In an interview with CNN, Bennett said Lynton sits on the board of trustees of the RAND Corporation, which had asked Bennett to talk to Lynton and give his opinion on the film.[93] Bennett felt The Interview was "coarse" and "over the top", but that "the depiction of Kim Jong-un was a picture that needed to get into North Korea. There are a lot of people in prison camps in North Korea who need to take advantage of a change of thinking in the north." Bennett felt that if the DVD were smuggled into the country it might have an effect "over time".[94] Bennett contacted the Special Envoy for North Korean Human Rights Issues, a personal friend of his, who "took the standard government approach: we don't tell industry what to do".[93] Jen Psaki, a spokesperson for the United States Department of State, confirmed that Daniel R. Russel, the U.S. Assistant Secretary of State for East Asian and Pacific Affairs, had spoken to Sony executives; she reiterated that "entertainers are free to make movies of their choosing, and we are not involved in that".[95]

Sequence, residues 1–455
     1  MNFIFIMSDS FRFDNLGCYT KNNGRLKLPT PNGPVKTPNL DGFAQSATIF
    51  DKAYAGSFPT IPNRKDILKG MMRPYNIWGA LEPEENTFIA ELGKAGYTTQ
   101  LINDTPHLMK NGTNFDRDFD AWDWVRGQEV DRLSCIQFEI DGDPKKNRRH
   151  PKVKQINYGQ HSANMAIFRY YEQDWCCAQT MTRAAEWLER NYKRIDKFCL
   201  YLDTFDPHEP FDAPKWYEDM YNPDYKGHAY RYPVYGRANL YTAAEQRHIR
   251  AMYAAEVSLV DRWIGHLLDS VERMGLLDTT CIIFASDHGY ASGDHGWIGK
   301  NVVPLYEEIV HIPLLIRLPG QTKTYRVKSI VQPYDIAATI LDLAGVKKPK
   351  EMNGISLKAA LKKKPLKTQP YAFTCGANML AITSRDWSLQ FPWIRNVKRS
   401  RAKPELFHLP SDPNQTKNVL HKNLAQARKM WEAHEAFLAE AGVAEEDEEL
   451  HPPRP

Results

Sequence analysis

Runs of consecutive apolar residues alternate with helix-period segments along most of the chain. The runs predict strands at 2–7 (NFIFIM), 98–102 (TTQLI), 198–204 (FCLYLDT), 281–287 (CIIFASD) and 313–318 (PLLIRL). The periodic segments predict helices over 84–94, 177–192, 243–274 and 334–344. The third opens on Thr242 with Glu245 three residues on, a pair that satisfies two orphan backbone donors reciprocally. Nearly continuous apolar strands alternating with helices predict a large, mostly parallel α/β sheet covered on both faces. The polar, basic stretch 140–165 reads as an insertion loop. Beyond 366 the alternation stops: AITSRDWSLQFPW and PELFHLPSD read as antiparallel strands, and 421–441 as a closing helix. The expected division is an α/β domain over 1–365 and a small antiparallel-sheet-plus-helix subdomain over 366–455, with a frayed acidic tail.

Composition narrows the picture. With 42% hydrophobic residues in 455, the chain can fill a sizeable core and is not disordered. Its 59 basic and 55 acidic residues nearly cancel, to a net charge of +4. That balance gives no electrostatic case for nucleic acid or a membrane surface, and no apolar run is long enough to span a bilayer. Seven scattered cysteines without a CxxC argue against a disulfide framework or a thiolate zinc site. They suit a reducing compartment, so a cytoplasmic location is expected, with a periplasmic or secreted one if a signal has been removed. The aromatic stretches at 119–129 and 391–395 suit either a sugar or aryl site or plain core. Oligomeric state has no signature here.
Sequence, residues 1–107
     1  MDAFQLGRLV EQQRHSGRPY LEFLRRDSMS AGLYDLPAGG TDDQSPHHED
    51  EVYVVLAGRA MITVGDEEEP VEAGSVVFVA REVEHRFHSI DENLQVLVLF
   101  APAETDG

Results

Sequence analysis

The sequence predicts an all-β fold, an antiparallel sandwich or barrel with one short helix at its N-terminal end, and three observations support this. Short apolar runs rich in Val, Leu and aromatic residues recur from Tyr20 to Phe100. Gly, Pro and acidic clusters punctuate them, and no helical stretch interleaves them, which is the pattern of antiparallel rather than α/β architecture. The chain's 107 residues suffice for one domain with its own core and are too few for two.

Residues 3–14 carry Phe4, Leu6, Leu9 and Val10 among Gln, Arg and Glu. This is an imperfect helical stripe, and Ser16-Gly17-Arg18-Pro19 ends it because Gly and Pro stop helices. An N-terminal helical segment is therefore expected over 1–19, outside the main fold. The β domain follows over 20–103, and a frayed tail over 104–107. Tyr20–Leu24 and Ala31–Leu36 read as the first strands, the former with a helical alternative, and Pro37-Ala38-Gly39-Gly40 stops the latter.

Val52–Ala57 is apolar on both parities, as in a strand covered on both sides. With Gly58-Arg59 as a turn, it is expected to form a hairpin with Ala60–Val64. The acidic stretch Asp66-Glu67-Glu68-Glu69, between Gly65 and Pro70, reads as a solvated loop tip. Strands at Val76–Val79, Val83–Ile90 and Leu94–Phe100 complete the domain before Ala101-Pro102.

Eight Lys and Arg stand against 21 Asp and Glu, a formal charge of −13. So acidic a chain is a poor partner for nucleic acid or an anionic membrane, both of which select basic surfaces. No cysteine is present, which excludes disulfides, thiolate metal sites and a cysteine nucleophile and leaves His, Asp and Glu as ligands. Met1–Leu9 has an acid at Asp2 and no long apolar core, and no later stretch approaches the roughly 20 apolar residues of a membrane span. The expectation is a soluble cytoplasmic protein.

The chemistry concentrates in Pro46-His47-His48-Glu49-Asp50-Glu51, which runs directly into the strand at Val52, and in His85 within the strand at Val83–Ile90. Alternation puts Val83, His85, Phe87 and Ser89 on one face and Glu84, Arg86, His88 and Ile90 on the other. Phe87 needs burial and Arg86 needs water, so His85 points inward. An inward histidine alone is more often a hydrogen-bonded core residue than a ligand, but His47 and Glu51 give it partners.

See also

References